Neohapsis is currently accepting applications for employment. For more information, please visit our website www.neohapsis.com or email email@example.com
From: Stan Hoeppner (stanhardwarefreak.com)
Date: Wed Dec 08 2010 - 00:52:05 CST
Paul Cartwright put forth on 12/7/2010 2:56 PM:
> On 12/07/2010 02:30 PM, Stan Hoeppner wrote:
>> Everyone's mileage varies. If you're having good results with Postgrey
>> you should try the fqrdns.pcre file that I recommended in the thread you
>> replied to. You'll likely see very quickly why greylisting is redundant
>> while using that file.
> I downloaded that file, fqrdns.pcre & added it to main.cf
> I looked up the HOW-TO on this, and see where it is added to main.cf ( I
> did), but I don't see any output/error for this, how do you monitor its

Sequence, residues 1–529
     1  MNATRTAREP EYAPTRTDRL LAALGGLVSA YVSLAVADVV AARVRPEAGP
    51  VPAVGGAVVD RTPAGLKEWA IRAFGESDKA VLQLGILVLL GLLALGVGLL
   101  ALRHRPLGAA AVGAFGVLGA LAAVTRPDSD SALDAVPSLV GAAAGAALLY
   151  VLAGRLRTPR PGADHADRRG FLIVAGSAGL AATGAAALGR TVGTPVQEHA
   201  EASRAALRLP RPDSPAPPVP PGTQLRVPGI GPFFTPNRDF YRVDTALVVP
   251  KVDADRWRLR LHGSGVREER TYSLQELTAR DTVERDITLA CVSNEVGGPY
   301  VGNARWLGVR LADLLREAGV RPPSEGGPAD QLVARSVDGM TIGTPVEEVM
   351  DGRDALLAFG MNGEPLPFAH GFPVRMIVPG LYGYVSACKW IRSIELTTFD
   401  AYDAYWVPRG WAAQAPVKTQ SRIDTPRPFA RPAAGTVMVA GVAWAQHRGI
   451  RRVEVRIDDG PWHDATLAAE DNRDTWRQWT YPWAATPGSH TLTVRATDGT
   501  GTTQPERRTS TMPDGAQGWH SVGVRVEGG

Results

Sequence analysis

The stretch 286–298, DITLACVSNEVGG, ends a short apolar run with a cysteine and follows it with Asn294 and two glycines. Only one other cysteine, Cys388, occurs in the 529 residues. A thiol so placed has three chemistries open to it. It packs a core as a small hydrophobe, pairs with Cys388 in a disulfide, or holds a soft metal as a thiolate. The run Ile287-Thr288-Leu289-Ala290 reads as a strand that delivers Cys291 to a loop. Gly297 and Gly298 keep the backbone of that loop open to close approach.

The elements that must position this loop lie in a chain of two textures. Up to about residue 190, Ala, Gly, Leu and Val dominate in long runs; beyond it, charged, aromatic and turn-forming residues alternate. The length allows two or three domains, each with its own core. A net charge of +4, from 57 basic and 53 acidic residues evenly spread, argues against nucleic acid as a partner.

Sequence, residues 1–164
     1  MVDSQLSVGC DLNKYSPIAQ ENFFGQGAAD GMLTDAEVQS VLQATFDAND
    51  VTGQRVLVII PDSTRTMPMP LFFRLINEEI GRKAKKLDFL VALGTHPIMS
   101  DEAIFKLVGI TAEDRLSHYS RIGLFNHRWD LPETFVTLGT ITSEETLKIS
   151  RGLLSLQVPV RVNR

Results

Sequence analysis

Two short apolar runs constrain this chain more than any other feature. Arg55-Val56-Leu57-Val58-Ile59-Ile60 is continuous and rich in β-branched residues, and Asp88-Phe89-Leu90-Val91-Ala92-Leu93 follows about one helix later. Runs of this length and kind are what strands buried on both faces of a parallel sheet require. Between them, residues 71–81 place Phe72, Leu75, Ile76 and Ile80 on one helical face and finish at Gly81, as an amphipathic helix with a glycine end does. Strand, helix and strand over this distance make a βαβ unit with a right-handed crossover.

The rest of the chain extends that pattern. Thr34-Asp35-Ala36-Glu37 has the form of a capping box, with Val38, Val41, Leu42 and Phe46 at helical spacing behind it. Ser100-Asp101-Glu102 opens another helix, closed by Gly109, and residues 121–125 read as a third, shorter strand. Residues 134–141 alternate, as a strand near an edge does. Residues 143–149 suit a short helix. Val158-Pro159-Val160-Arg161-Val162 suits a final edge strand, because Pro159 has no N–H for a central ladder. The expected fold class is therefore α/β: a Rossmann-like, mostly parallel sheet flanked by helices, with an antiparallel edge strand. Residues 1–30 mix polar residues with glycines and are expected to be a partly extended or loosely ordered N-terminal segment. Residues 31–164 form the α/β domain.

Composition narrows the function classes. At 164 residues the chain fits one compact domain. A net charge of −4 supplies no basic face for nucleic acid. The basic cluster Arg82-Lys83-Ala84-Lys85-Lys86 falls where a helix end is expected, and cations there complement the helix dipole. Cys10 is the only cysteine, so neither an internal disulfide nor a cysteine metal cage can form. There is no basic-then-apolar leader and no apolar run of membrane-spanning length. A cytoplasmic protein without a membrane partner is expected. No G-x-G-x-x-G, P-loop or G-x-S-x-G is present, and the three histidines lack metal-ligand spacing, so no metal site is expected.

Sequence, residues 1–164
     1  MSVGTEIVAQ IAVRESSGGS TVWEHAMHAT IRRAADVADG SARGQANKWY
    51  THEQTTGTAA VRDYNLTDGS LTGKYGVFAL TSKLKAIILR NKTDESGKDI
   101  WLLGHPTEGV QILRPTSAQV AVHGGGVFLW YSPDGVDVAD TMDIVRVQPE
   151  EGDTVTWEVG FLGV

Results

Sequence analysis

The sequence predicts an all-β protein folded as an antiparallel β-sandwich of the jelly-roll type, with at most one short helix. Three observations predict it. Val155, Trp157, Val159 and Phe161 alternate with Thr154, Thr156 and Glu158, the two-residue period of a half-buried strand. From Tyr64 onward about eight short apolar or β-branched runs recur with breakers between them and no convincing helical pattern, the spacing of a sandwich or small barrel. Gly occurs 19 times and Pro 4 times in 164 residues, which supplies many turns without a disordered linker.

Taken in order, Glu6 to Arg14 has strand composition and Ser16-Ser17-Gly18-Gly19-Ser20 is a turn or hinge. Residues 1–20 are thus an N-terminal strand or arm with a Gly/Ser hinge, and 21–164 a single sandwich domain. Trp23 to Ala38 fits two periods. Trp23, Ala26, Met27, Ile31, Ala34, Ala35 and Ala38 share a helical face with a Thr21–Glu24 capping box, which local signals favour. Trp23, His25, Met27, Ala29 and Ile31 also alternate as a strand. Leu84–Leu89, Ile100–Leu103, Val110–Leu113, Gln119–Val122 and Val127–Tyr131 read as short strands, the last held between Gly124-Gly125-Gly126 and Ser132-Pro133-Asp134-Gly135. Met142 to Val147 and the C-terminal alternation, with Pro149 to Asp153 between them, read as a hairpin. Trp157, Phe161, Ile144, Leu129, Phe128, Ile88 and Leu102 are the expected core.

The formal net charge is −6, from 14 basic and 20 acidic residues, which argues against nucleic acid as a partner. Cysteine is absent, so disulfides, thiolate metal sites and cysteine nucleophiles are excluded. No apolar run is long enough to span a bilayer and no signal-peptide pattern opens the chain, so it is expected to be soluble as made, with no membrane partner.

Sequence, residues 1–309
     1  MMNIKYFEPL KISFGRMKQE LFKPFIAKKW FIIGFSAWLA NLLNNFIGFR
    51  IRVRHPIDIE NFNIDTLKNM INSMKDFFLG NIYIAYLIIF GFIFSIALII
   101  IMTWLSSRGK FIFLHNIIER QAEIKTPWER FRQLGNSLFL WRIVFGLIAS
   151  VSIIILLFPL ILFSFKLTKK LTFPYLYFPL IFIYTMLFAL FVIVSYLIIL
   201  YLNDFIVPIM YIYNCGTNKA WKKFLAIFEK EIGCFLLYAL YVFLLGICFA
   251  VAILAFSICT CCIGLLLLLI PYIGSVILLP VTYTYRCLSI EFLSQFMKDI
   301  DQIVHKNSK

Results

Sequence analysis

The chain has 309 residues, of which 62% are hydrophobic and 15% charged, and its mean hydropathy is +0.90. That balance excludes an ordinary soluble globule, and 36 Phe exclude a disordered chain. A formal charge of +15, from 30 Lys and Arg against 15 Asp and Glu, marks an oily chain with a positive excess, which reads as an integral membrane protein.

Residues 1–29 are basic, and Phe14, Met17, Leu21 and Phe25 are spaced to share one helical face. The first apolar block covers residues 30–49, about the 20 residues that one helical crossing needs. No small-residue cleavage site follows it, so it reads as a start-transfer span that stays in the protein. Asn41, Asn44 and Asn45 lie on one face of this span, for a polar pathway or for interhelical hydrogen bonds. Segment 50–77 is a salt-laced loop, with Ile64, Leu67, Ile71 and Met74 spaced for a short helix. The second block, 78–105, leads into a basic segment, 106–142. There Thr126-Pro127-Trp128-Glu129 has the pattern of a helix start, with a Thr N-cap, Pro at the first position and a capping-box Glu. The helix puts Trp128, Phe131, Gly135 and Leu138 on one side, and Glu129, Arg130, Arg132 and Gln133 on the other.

> useage ? would it just give you a log entry in /var/log/maillog?
I just added installation/usage instructions to the top of the file
yesterday. As mouss stated, you'll see an entry in your mail log file
with detailed optional text, usually identifying the ISP by name.
Pflogsumm or logwatch can help you easily see what's going on with
Postfix by creating log summaries and statistics.
> this is what I added:
> smtpd_recipient_restrictions = permit_mynetworks
> permit_sasl_authenticated, reject_unauth_destination, reject_rbl_client
> dnsbl.sorbs.net, reject_rbl_client zen.spamhaus.org, reject_rhsbl_sender
> dbl.spamhaus.org reject_rhsbl_helo dbl.spamhaus.org,
You should have
as the _first_ entry after reject_unauth_destination. Why perform all
of those expensive DNS lookups if they aren't going to fire, and then
search a 1600 line PCRE table which takes a tenth of a second? Always
implement the least costly parameters first, the most costly last. The
exception to this rule is correct order processing of whitelists. They
can be more expensive, but they have to go at the top of the order.
Keep in mind the parameter you're using only works in Postfix 2.6 or
later. If you're on 2.5 or earlier, you need to use